Intravascular ultrasound-guided primary percutaneous coronary intervention with drug-eluting stent implantation in patients with ST-segment elevation myocardial infarction

Youngjin Youn, Junghan Yoon, Junwon Lee, Sung Gyun Ahn, Minsoo Ahn, Jang Young Kim, Byungsu Yoo, Seunghwan Lee, Kyung Hoon Choe

Research output: Contribution to journalArticle

14 Citations (Scopus)

Abstract

Background: Studies investigating the clinical outcome of intravascular ultrasound (IVUS)-guided primary percutaneous coronary intervention (PPCI) in patients with ST-segment elevation myocardial infarction (STEMI) show conflicting results. The aim of our study was to evaluate whether IVUS-guidedPPCI with drug-eluting stents (DESs) in STEMI patients improves clinical outcome. Hypothesis: IVUS-guided PPCI is superior to angio-guided PPCI. Methods: Three hundred forty-one patients who underwent PPCI for STEMI and survived the hospitalization were enrolled in this study. Two hundred sixteen (63.3%) patients were treated with angio-guided PPCI and 125 (36.7%) patients were treated with IVUS-guided PPCI. The primary endpoint was defined as the composite of death, myocardial infarction, target vessel revascularization, and target lesion revascularization at the 3-year follow-up visit. Results: Male gender, dyslipidemia, and smoking were frequent in the IVUS-guided PPCI group. These patients had a higher rate of radial approach, adjunctive ballooning, thrombectomy, and the use of a glycoprotein IIb/IIIa inhibitor. The number and length of implanted stents were higher in the IVUS-guided PPCI group. The primary end point (18.1% vs 12.8%, P = 0.22) and stent thrombosis (2.8% vs 2.4%, P = 1.00) was not different between the groups. Conclusions: In our observational study, IVUS-guided PPCI with DESs in patients with STEMI did not improve clinical outcome or stent thrombosis.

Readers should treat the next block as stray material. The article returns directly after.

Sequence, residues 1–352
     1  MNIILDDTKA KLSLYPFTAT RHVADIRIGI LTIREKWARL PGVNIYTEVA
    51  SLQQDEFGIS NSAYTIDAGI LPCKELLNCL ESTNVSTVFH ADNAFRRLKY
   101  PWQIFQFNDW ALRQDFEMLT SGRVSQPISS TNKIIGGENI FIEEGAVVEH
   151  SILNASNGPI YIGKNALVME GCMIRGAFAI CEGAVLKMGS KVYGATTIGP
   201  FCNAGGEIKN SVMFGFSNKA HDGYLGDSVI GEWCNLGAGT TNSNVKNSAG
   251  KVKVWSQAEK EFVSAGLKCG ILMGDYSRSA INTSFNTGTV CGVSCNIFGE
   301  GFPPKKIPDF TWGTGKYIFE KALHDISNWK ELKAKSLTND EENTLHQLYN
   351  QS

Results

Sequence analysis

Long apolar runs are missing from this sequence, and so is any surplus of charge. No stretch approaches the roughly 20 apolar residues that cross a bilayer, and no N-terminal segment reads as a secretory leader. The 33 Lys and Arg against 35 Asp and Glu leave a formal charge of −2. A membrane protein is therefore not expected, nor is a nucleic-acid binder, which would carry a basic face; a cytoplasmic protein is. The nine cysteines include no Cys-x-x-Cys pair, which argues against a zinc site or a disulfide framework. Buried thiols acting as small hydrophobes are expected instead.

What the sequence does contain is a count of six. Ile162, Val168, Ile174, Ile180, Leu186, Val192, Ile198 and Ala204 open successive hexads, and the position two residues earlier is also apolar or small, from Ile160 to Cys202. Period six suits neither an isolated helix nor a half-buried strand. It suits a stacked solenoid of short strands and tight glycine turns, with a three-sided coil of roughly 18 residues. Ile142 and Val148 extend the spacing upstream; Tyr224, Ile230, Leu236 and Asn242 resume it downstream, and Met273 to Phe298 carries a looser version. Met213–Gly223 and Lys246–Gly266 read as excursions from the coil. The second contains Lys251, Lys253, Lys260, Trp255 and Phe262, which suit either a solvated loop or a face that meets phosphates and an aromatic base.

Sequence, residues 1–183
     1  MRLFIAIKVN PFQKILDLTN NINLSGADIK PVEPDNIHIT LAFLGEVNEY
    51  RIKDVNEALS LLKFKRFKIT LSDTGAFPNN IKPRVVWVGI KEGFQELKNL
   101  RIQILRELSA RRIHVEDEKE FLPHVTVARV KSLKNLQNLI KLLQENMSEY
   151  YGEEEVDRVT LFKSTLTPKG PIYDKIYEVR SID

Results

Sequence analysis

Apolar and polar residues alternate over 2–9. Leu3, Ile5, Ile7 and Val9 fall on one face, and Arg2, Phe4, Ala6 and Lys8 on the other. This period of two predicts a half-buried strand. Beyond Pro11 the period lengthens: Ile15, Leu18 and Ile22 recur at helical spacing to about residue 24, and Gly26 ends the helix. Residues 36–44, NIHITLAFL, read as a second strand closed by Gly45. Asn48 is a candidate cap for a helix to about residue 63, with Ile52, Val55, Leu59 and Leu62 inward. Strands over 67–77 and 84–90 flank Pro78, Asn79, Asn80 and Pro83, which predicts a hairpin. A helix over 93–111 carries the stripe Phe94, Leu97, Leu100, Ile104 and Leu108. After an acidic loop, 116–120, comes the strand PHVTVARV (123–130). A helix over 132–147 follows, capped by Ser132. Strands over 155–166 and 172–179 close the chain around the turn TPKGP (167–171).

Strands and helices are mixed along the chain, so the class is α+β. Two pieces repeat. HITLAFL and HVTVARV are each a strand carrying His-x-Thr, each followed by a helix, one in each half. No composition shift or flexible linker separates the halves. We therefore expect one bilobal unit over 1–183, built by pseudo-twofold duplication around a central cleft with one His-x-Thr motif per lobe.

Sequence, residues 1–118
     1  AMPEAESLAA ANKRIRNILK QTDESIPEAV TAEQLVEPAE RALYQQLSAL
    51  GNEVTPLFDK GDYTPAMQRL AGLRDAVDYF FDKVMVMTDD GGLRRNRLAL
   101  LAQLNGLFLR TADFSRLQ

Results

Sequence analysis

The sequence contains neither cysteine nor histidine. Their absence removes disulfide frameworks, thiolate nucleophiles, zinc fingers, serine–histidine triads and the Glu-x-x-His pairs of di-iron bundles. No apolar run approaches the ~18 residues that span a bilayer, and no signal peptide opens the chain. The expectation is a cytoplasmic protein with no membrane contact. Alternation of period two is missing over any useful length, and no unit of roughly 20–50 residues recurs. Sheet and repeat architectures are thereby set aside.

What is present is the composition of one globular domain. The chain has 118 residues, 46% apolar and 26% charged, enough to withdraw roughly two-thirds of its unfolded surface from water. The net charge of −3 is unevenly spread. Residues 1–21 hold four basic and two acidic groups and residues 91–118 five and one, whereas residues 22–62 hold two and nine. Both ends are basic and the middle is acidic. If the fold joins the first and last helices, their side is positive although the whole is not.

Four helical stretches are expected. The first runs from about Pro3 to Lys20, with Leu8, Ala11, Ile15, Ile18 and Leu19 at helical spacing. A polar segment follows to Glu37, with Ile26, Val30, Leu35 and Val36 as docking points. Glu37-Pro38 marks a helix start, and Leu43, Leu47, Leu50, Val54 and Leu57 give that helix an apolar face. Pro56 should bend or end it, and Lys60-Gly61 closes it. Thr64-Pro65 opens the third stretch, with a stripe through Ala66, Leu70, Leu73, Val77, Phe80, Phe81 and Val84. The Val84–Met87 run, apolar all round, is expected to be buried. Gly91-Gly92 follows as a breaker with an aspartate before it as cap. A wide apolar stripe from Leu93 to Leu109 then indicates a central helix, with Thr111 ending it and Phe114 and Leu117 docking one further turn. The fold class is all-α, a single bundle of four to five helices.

Original languageEnglish
Pages (from-to)706-713
Number of pages8
JournalClinical Cardiology
Volume34
Issue number11
DOIs
Publication statusPublished - 2011 Nov 1

Fingerprint

Drug-Eluting Stents
Percutaneous Coronary Intervention
Myocardial Infarction
Stents
Thrombosis
ST Elevation Myocardial Infarction
Thrombectomy
Platelet Glycoprotein GPIIb-IIIa Complex
Dyslipidemias
Observational Studies
Hospitalization
Smoking

All Science Journal Classification (ASJC) codes

  • Cardiology and Cardiovascular Medicine

Cite this

@article{e6c10a00a1724fd096c37108f39e3b72,
title = "Intravascular ultrasound-guided primary percutaneous coronary intervention with drug-eluting stent implantation in patients with ST-segment elevation myocardial infarction",